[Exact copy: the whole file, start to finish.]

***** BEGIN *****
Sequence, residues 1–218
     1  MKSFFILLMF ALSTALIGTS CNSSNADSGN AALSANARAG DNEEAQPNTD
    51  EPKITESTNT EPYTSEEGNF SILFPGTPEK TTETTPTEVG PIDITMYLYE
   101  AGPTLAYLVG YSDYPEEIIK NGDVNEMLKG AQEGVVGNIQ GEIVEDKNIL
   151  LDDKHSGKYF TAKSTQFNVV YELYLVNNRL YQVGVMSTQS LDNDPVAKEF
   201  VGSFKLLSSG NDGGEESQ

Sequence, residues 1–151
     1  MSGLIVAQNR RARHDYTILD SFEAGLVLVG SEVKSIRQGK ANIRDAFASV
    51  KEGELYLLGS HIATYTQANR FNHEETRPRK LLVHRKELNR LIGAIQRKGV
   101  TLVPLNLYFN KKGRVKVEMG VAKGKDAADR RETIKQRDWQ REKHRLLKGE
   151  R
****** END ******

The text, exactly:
Sequence, residues 1–218
     1  MKSFFILLMF ALSTALIGTS CNSSNADSGN AALSANARAG DNEEAQPNTD
    51  EPKITESTNT EPYTSEEGNF SILFPGTPEK TTETTPTEVG PIDITMYLYE
   101  AGPTLAYLVG YSDYPEEIIK NGDVNEMLKG AQEGVVGNIQ GEIVEDKNIL
   151  LDDKHSGKYF TAKSTQFNVV YELYLVNNRL YQVGVMSTQS LDNDPVAKEF
   201  VGSFKLLSSG NDGGEESQ

Sequence, residues 1–151
     1  MSGLIVAQNR RARHDYTILD SFEAGLVLVG SEVKSIRQGK ANIRDAFASV
    51  KEGELYLLGS HIATYTQANR FNHEETRPRK LLVHRKELNR LIGAIQRKGV
   101  TLVPLNLYFN KKGRVKVEMG VAKGKDAADR RETIKQRDWQ REKHRLLKGE
   151  R